I just cloned my OS drive on my Windows 10 Desktop computer, and now Adobe Digital Editions refuses to authorize, etc.
I did confirm that everything is still working fine with my laptop, which is running the exact same build of Windows 10; it had no problems downloading a new purchase via .acsm
When I first opened Digital Editions this evening, I got a message to the effect that it wasn't succeeding in making a connection to Adobe to validate my installation.
When I tried to download, using a .acsm file, It refused, saying I wasn't authorized.
When looking at the status of my installation under the help tab, it listed it as being a valid activation.
However, when attempting to deauthorize, I got the standard bit about not being able to do so at this time, please try again later.
So, after browsing through all the previous entries for weird stuff, and seeing the boilerplate response...
I uninstalled Digital Editions, wiped the Registry, reinstalled Digital Editions, and attempted to authorize.
This time I grabbed a screenshot...
Note that it says the error is on the activation server.
At this point I booted up the laptop and opened Digital Editions there... with no problems at all.
Not problem with it being recognized, no problem downloading my purchase from Google Play.
The only thing that has changed with my desktop since I downloaded a purchase on the 1st of May was cloning the hard drive that the OS resides upon.
But that should have no impact upon what happens with Adobe's server, especially after scrubbing the Registry.
Anyone got a clue?
ETA: I just noticed that Adobe limits us to six devices to share access to an Adobe ID Digital Editions account.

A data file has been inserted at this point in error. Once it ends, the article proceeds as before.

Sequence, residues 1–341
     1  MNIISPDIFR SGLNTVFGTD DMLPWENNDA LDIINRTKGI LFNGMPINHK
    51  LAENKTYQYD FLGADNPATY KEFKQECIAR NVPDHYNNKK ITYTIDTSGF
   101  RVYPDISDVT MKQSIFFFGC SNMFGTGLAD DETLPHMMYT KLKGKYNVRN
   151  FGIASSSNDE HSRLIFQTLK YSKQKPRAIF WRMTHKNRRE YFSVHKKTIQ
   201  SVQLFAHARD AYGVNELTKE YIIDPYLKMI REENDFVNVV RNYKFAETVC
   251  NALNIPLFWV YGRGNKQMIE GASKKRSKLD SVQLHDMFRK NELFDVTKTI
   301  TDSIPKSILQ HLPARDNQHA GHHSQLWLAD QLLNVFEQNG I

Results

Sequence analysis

And that I can't find any means of determining what devices they show me as having registered, and deauthorizing them from the online account.
So... since I've got 2 Desktop PCs, and a Laptop... and have periodically ended up reinstalling my OS without having the opportunity to deinstall Adobe Digital Editions in advance... just how many devices do they currently think I have this program installed upon?
Especially given that Windows doesn't always assign the same name to a PC with a fresh installation.
However, that still wouldn't explain the initial problem... unless they not only have a record of the PC's name, but can somehow tell that the hard drive has been changed.
Given that Roboform registered a login from a new computer when I logged on after cloning and switching drives...
They do seem to be able to tell if the physical drive which the OS is installed upon has changed, even though in theory every bit of data stored on the old drive would have been transferred.
How does one clear up the record of what devices are associated with a given Adobe ID when it won't let you deauthorize a device remotely, and won't let you deathorize a device once they think it's in excess of the number allowed to be authorized in the first place?
It's not that uncommon an occurrence, is it?
Based upon all the comments concerning Adobe reps saying "We've increased the number of devices you can have authorized" with this type of problem, I'd say it's not uncommon at all!